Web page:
Some thoughts about a piece of particularly vile “journalistic” malice that was brought to my attention yesterday.
The main body of this post is inspired by the recent behaviour of a publication with whose name I will not sully this site, which has been despicable even by their standards. I also have a special photo section at the end.
THE STOKES STORY
Britain’s most notorious rag recently descended from its customary residence in the gutter to the most stinking, foetid depths of the sewers with a hit piece raking up details from events that occurred over 30 years in the life of the Stokes family. Apart from raking up and old tragedy they were also according Ben Stokes himself inaccurate in various ways, which again is par for the course for this particular rag.
Several things are needed to deal with so called “newspapers” which behave in this fashion:
IPSO, a toothless paper tiger of an organization, needs to be abolished, and all publications and websites which describe themselves as being about news should be required to sign up to IMPRESS, giving them one month in which to have achieved this or else be closed down.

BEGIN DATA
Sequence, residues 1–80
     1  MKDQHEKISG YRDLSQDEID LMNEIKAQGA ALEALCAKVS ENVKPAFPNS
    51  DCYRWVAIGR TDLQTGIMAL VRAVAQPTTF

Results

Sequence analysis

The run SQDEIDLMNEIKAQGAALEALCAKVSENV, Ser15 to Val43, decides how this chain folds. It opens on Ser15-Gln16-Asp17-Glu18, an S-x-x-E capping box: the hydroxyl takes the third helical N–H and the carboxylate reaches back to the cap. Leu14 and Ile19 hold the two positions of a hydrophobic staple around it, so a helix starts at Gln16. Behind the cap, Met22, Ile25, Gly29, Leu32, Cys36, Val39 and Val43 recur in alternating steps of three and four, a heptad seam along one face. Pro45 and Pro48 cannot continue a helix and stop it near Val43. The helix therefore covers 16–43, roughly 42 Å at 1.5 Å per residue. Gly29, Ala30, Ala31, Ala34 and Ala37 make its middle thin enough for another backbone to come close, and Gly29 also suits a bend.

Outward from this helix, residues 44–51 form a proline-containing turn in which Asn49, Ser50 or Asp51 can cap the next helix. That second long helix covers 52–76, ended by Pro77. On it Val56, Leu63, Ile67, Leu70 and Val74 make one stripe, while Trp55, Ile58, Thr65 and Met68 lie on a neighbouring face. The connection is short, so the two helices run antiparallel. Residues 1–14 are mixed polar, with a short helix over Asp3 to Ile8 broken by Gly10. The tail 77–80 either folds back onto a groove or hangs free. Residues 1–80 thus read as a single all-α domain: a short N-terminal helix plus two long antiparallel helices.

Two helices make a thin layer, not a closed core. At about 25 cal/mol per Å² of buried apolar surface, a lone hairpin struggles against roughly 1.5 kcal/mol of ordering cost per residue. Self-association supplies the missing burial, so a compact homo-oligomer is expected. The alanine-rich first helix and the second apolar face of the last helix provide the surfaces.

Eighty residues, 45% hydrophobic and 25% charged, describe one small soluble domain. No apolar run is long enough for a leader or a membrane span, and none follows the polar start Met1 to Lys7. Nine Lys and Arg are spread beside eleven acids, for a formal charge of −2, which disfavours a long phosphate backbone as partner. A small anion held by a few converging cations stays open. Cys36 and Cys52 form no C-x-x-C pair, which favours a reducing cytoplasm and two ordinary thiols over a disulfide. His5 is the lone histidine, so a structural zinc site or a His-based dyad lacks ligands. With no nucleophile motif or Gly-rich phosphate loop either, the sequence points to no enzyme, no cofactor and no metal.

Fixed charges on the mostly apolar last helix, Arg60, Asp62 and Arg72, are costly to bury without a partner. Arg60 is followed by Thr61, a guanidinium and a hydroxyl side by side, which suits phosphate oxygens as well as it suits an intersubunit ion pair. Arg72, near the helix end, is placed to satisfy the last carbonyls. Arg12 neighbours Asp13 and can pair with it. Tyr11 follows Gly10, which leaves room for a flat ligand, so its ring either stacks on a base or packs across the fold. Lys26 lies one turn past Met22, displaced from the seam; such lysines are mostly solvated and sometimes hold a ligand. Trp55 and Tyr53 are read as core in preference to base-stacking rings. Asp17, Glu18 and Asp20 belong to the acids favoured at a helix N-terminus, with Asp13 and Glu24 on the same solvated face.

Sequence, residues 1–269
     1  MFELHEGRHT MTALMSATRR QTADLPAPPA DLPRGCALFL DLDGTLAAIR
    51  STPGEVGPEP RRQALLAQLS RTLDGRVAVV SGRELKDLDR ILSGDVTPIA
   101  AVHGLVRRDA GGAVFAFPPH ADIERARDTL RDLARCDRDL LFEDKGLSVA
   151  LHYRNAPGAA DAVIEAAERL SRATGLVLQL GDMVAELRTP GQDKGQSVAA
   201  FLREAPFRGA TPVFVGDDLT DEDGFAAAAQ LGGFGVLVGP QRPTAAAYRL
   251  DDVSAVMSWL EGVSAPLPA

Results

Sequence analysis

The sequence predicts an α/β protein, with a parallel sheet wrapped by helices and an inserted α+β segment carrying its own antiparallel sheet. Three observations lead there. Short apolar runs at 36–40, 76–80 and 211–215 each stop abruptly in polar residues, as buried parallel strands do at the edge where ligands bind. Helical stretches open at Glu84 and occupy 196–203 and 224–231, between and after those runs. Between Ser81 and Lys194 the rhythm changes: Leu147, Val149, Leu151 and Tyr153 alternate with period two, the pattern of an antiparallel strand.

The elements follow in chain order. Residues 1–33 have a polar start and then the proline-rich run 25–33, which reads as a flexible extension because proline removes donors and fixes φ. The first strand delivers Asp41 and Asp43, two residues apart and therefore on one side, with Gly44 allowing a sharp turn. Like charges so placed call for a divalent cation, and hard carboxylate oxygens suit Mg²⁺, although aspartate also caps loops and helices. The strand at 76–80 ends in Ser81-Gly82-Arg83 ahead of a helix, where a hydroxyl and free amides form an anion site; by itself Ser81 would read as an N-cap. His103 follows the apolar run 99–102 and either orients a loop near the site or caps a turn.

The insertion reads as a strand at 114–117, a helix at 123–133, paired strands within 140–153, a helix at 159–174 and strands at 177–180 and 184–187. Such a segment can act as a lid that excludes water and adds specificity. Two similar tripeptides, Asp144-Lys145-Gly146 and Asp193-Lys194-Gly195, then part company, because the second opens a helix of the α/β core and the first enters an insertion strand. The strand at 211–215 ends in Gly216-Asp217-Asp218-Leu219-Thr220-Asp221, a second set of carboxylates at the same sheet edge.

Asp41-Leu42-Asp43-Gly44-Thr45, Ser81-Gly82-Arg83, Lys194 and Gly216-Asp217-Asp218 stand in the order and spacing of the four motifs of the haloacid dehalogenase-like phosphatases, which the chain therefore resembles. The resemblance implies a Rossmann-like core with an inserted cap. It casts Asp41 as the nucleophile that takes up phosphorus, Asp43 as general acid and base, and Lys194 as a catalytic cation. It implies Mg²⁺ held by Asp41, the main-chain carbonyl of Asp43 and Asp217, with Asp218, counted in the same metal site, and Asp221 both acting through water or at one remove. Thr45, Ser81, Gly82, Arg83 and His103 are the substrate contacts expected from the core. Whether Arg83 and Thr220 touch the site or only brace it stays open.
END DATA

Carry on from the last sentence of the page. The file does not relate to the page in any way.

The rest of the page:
A serious code of practice, with serious penalties up to an including a permanent ban from publication needs to be introduced and enforced (I am not a fan of making legislation retroactive, although that would certainly eliminate from the scene both the publication that inspired this piece and at least one other so called ‘newspaper’.
The kind of malice masquerading as “journalism” that this filthy rag perpetrated at the expense of the Stokes family can only be dealt with properly if seriously harsh measures are available to punish such wrongdoers (Stokes may well win a fairly hefty amount in damages but this will bother neither the hacks involved nor the owner of their publication, as it will not be sufficient to hurt them). Also, because there are no specifications about corrections and apologies (which should be required to be given at least as much prominence as the original story), even in the unlikely event of IPSO bestirring itself do anything in that regard you can be sure that any correction will be buried deep in an anonymous middle page in tiny type.